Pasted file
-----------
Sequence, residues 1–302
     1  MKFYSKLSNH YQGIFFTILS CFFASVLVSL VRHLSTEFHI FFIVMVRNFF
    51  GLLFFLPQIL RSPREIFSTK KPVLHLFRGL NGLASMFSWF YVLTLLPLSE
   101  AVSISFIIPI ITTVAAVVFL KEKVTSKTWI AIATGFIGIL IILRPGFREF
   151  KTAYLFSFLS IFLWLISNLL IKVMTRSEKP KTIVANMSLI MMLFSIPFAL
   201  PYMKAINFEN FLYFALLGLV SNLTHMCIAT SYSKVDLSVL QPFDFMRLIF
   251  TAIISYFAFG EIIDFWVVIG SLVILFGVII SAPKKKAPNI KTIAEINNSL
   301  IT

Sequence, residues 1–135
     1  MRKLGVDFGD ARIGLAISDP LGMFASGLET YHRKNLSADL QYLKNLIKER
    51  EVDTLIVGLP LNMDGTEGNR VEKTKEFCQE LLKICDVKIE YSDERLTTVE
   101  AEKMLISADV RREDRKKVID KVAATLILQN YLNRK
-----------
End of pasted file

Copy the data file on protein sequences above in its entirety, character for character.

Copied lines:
Sequence, residues 1–302
     1  MKFYSKLSNH YQGIFFTILS CFFASVLVSL VRHLSTEFHI FFIVMVRNFF
    51  GLLFFLPQIL RSPREIFSTK KPVLHLFRGL NGLASMFSWF YVLTLLPLSE
   101  AVSISFIIPI ITTVAAVVFL KEKVTSKTWI AIATGFIGIL IILRPGFREF
   151  KTAYLFSFLS IFLWLISNLL IKVMTRSEKP KTIVANMSLI MMLFSIPFAL
   201  PYMKAINFEN FLYFALLGLV SNLTHMCIAT SYSKVDLSVL QPFDFMRLIF
   251  TAIISYFAFG EIIDFWVVIG SLVILFGVII SAPKKKAPNI KTIAEINNSL
   301  IT

Sequence, residues 1–135
     1  MRKLGVDFGD ARIGLAISDP LGMFASGLET YHRKNLSADL QYLKNLIKER
    51  EVDTLIVGLP LNMDGTEGNR VEKTKEFCQE LLKICDVKIE YSDERLTTVE
   101  AEKMLISADV RREDRKKVID KVAATLILQN YLNRK